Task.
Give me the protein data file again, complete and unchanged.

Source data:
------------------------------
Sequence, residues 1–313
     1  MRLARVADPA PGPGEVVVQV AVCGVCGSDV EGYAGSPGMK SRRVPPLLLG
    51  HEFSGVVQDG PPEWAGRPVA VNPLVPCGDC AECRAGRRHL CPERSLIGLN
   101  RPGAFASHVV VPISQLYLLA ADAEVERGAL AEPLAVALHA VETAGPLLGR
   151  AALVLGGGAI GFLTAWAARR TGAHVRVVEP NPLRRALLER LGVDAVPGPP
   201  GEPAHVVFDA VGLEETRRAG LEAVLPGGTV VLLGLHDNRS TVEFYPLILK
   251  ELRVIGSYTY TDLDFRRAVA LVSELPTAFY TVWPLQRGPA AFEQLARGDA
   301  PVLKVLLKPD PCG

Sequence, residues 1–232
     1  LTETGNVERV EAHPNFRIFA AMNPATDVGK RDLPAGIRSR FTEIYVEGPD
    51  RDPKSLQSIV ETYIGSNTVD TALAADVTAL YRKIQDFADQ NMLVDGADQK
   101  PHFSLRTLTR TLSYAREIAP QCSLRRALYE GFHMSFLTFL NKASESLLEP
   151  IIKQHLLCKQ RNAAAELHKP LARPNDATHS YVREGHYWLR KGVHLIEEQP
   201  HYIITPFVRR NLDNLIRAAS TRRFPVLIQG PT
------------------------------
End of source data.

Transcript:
Sequence, residues 1–313
     1  MRLARVADPA PGPGEVVVQV AVCGVCGSDV EGYAGSPGMK SRRVPPLLLG
    51  HEFSGVVQDG PPEWAGRPVA VNPLVPCGDC AECRAGRRHL CPERSLIGLN
   101  RPGAFASHVV VPISQLYLLA ADAEVERGAL AEPLAVALHA VETAGPLLGR
   151  AALVLGGGAI GFLTAWAARR TGAHVRVVEP NPLRRALLER LGVDAVPGPP
   201  GEPAHVVFDA VGLEETRRAG LEAVLPGGTV VLLGLHDNRS TVEFYPLILK
   251  ELRVIGSYTY TDLDFRRAVA LVSELPTAFY TVWPLQRGPA AFEQLARGDA
   301  PVLKVLLKPD PCG

Sequence, residues 1–232
     1  LTETGNVERV EAHPNFRIFA AMNPATDVGK RDLPAGIRSR FTEIYVEGPD
    51  RDPKSLQSIV ETYIGSNTVD TALAADVTAL YRKIQDFADQ NMLVDGADQK
   101  PHFSLRTLTR TLSYAREIAP QCSLRRALYE GFHMSFLTFL NKASESLLEP
   151  IIKQHLLCKQ RNAAAELHKP LARPNDATHS YVREGHYWLR KGVHLIEEQP
   201  HYIITPFVRR NLDNLIRAAS TRRFPVLIQG PT